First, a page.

Monday, December 22, 2008

Failure no longer matters

As the amount of communication increases, due to 24-hour news channels and the Internet, the ability to characterize the situation becomes paramount (as explained in my previous post).

So, the role of the media becomes ever more important, even as the number and type of media outlets also increases.

As major issues become more abstract and more complicated, it is more likely that neither the general public, nor the media themselves know the answers to the questions posed by these situations. So, the best presentation will always win out over the truth - because neither the public, nor the media can recognize the truth, so they can only pick the best presentation.

The classic current example is Bob Nardelli. Despite being a failure as the CEO of Home Depot, his superior salesmanship obtained him over $200 million in severence pay. He was then hired as the CEO of Chrysler, and you may have seen him before Congress, asking for a loan that the private-equity owners of Chrysler refused to give to Chrysler. (I do not want to get sidetracked into the issue of government bailouts, it's a far smaller issue than what I am discussing here.)

Another good example are stock brokers and finance journalists. After the "dot com bust" of 2000-2001, stocks that many, if not most, brokers recommended at over $100 per share, were selling for $25 per share. Did any of those stock brokers lose their job ? No - partially because brokerages make money on the commissions, not the value of your portfolio. But certainly those brokerages that charge extra for recommendations, did not refund fees, sack brokers, or even apologize for losing 75% of your money. In the recent stock market plunge of 2008, the situation has been the same.

But even more ludicrous is media reporting of the markets. When the price of oil recently climbed steadily for months to finally reach a peak of $147, journalists constantly tied every international political incident to the latest increase in the price of oil, as well as every weather event and minor refinery activity. When the oil price then plunged for months from $147 to its current $40, all the same geopolitical, weather and refinery events occurred, thereby automatically disproving all the previous reports. It turns out that as the oil price rose, more and more huge pension funds bought oil investment contracts, thereby raising the price purely due to increased investment, rather than anything having to do with physical oil use. When the price peaked, all the pension funds started selling their oil investments, and once again, the price plunge had nothing to do with physical oil use.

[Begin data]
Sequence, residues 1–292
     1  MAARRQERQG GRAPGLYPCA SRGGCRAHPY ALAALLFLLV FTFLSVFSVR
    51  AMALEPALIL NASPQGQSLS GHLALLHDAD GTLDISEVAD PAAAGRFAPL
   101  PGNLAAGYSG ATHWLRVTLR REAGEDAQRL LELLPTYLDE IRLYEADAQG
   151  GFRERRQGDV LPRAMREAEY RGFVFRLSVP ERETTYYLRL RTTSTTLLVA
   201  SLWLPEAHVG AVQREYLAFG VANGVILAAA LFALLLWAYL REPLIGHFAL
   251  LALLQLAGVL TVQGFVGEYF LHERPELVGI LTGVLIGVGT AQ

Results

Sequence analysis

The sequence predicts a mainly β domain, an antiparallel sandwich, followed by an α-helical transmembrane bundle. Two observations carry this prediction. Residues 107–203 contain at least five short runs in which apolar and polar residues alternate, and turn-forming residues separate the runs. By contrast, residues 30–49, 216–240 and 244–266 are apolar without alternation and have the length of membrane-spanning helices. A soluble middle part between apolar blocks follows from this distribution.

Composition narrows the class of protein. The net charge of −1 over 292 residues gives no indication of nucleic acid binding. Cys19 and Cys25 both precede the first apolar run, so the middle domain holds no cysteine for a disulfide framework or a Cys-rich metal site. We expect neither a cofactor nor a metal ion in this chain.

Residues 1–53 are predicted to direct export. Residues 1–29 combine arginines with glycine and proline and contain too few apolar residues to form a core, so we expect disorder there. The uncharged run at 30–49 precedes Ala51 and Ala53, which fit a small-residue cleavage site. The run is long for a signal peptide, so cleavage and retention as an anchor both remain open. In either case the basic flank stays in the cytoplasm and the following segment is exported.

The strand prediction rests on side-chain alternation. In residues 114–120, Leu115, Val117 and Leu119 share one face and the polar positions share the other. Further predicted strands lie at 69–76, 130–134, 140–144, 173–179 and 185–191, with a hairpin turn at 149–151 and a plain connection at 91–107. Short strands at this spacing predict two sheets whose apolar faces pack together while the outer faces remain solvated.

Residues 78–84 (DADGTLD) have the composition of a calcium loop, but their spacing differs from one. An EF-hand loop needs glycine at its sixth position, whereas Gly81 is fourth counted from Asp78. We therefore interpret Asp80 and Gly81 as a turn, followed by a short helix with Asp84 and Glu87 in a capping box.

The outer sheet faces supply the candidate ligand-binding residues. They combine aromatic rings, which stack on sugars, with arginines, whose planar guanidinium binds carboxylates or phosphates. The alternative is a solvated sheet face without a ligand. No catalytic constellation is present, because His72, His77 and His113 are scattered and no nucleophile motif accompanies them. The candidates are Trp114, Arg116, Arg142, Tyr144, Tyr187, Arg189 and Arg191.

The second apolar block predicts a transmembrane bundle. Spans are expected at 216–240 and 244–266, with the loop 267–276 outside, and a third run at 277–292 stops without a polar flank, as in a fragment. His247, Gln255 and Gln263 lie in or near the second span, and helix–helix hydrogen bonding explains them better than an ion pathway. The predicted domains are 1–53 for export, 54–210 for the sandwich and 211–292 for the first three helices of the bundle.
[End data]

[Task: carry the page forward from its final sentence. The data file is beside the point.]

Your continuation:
In a similar way, stock markets go up and down as an aggregate of millions of investors' subjective assessments. Every time the stock market goes up and down, j0urnalists come up with sound bite "reasons" - "the market was down today because investors were worried about...". In actuality, the stock market is the sum of a vast number of different transactions done for a vast number of reasons. And, careful investigation shows that other unreported factors are often the important ones. For example, in the Fall of 2008, on days of significant decline, which were reported by the journalists as "investors were worried about the latest ___ data", in actuality most of the decline was due to forced selling by large hedge funds that had to raise cash to give to clients who were asking for their money.

So, we have a society, where the most believable, attractive and convenient media explanation is generally accepted by the public as characterizing the current situation. The further we get from the concrete physical reality of previous centuries, the less truth is present in society.

In a post in the near future, I will explain how those concrete physical successes of previous eras actually lead directly to the absence of truth in today's society.

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The Truth Is Not Out There by Kenneth Stuart is licensed under a Creative Commons Attribution-Noncommercial-No Derivative Works 3.0 United States License.